Minimate Mini-Review #261 - Bring Out the Gimp

#261 - Bring Out the Gimp

Boxer Butch Coolidge did a bad thing - he double-crossed gangster Marsellus Wallace. Now a chance encounter and a long foot chase have led both of them to the basement of a pawn shop, where they find themselves at the mercy of a new enemy: Zed. Will they escape, or end up like The Gimp?

This brings our total of "Bruce Willis properties to become Minimates" up to three. And since Pulp Fiction was made in 1994, this one still has some hair! Granted, it's just a bit of stubble, but here it is, painted on both heads (more on that in a bit). The tampo overlaps his ear slightly, but luckily, the blood running down his face and staining his shirt draws attention away from it. He's wearing blue jeans and plain shoes, and because it was the entire point of the scene, he's got his great-grandfather's gold watch. The set includes a katana, because that's a cooler weapon than a hammer, a baseball bat, or even a chainsaw.

Marsellus Wallace highlights a problem of the Minimate style: Ving Rhames is a big, imposing man who looks like he could pick up and snap-in-two any other character in the film, but in Minimate form, he's the same size as everyone else. They did a nice job on him though: he's wearing his peach button-up shirt, brown pants, and darker brown shoes. He has a shoulder holster (reused from one of the 24 figures) and a waist piece to create the untucked lower edge of his shirt. He has a very unhappy look on his face, which probably has something to do with the leather restraint cuffs on his wrists. Art Asylum remembered to paint the earrings in his ears, so of course they also got the bandaid on the back of his neck. He gets armed with the shotgun he took from the departed Maynard.

Butch and Marsellus both get alternate looks, from before they reached the pawn shop. Butch, as we mentioned, has a second, non-bloody head, and both of them get jackets and matching sleeves - just be sure you turn Butch's torso around so that the white is showing, not the red. Marsellus gets a silver pistol, perfect for firing wildly on the street, and Butch has the machine gun he took from Vincent. Amusingly, both men get food, too: Marsellus has a new hand molded with a box of doughnuts and two cups of coffee, while Butch has a small brown object that, at first, was hard to identify - it's one of the toaster pastries he decided to make when he went back to his apartment! Minimate Pop Tarts; who woulda thunk it?

Zed is the only thing even close to law enforcement that we see in Pulp Fiction (he's a security guard, not a cop; you know what the LAPD actually wears, and it's not this). He was played by Peter Greene, the emergency backup Jay Mohr who was also the villain in The Mask. His light blue shirt is untucked, and painted with lots of tiny wrinkles - it's not as nicely tailored as Marsellus' was. The badge on his chest and the logos on his sleeves get picked out with gold paint, while his pants and shoes are solid black. His blonde hair is slicked back, and he has the set's second pistol.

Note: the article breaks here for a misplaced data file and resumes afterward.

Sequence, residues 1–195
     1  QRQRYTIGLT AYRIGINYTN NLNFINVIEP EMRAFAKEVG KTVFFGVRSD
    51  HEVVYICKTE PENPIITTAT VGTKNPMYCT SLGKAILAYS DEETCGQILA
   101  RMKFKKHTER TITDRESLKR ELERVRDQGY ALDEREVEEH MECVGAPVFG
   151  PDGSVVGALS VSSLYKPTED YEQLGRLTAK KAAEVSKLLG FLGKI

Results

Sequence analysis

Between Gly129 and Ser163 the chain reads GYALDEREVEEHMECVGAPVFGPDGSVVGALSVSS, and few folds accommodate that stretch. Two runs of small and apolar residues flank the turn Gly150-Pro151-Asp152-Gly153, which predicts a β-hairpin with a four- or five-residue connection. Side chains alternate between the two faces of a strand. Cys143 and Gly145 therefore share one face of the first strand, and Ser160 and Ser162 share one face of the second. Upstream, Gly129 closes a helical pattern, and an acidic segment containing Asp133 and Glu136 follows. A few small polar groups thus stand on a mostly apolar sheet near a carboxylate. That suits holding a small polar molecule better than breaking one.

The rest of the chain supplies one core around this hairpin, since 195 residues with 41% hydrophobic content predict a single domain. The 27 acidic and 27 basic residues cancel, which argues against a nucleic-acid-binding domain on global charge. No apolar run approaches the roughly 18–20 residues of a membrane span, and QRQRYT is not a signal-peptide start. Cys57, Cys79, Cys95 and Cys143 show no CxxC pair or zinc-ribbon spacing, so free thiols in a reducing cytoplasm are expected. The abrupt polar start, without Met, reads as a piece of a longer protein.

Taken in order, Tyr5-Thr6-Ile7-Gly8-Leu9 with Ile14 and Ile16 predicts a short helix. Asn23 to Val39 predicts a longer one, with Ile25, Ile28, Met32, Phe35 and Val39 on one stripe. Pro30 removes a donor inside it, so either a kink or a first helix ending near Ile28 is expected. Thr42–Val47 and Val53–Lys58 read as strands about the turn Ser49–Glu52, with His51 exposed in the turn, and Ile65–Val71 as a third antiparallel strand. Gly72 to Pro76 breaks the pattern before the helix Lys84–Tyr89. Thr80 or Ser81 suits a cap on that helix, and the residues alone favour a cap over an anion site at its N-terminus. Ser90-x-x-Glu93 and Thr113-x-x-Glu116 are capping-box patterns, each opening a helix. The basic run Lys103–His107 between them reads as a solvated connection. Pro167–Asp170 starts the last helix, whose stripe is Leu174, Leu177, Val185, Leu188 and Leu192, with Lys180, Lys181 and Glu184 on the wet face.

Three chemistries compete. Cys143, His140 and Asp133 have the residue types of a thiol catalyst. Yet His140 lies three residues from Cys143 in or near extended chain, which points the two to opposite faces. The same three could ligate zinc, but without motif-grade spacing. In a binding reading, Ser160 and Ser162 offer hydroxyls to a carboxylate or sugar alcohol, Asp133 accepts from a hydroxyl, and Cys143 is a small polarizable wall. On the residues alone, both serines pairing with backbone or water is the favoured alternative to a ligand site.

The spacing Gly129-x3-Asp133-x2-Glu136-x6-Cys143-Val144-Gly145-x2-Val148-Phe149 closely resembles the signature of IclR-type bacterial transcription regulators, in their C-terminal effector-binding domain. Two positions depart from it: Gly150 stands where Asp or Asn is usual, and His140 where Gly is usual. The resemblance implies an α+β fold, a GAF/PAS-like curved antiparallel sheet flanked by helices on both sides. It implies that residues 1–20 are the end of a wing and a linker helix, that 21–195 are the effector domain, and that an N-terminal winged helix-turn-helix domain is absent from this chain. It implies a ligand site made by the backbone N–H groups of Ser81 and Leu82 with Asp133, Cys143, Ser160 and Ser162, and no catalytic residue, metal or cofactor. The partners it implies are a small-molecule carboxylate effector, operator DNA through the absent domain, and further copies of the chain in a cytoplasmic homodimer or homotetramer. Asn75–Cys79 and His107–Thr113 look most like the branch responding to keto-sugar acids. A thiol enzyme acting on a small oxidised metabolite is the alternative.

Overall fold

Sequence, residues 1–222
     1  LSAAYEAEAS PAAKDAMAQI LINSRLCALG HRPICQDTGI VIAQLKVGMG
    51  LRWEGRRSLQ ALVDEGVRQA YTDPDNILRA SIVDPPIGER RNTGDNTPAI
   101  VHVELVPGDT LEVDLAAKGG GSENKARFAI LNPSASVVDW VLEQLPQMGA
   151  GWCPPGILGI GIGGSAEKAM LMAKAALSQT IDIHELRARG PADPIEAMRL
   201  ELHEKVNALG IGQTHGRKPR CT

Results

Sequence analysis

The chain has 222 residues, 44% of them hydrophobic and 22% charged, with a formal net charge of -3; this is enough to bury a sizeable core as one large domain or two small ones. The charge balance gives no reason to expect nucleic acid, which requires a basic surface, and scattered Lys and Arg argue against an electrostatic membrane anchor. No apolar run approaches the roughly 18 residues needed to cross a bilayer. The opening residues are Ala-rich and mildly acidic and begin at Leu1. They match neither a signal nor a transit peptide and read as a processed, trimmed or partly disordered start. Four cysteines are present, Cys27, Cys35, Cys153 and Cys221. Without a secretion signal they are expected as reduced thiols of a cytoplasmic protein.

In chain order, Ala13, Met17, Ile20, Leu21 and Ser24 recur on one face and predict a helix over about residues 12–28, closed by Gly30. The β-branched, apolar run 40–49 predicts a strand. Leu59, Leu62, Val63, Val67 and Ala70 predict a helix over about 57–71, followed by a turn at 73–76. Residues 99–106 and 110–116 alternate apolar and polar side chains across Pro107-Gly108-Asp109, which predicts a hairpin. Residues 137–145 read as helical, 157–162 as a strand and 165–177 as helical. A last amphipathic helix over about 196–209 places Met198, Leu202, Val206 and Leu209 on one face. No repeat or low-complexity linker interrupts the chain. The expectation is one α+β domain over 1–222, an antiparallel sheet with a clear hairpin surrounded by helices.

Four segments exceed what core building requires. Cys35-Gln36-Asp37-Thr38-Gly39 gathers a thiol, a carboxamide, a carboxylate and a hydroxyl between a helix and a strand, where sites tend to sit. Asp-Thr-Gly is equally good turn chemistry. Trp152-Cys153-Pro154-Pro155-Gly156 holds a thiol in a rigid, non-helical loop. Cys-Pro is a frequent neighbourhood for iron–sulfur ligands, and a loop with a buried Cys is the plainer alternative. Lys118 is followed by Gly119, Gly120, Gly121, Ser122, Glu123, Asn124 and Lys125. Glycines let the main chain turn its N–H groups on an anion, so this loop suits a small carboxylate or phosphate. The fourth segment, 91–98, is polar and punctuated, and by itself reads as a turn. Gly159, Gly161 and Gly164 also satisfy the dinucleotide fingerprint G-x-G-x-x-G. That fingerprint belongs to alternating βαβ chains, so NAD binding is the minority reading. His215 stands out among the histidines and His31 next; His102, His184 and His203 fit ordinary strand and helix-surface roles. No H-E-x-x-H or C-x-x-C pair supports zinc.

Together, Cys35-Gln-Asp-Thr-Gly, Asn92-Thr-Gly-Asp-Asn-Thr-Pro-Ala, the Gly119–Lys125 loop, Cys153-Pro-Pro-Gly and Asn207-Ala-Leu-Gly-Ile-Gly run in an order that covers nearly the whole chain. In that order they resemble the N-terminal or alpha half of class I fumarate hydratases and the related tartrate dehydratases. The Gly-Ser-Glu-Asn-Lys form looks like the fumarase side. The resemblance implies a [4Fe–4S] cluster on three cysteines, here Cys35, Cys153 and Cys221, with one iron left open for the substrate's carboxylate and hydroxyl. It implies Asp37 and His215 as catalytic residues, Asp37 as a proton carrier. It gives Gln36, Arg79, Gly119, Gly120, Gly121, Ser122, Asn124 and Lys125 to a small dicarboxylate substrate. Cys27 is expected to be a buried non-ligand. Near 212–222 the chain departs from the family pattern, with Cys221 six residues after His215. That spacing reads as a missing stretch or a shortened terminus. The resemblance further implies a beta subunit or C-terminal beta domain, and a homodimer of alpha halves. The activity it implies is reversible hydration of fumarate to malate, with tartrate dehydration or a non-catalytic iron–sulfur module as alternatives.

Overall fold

Pulp Fiction was the most influential film since Citizen Kane (though, if the Academy of Motion Picture Arts and Sciences is to believed, it's not as good as Forrest Gump), but one thing that Tarantino probably wasn't expecting to be a trendsetter was The Gimp. It's never explained why Zed and Maynard call their slave The Gimp - he didn't seem to have any problems with his legs - but apparently people were unfamiliar with the term, and thought it referred to his sexual role. And that's why today, the kind of full-body bondage gear he wears is colloquially known as "a gimp suit." The Minimate is fully black, and painted with dark grey details: highlights on his arms and legs, and various details of the suit. It would have been nice if they'd done some silver for the studs on the costume and the zipper over the mouth, to help them stand out.

There's only one downside to this set: with all four of these characters already produced, there's no way we'll ever see a Maynard to complete the scene; after all, who could he possibly come with?

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2 Responses to Minimate Mini-Review #261 - Bring Out the Gimp

  1. Ronnie says:

    To be fair, 'influential' as a shorthand for quality is a problematic premise. For example, a highly influential novel in the young adult market recently was Twilight. I don't believe there is a single person with an ounce of rationality ready to argue it was of any quality to deserve the influence, but it singlehandedly led to the rise of young adult paranormal romance as a subgenre.

  2. My Common Sense is Tingling says:

    The 3rd picture is missing.

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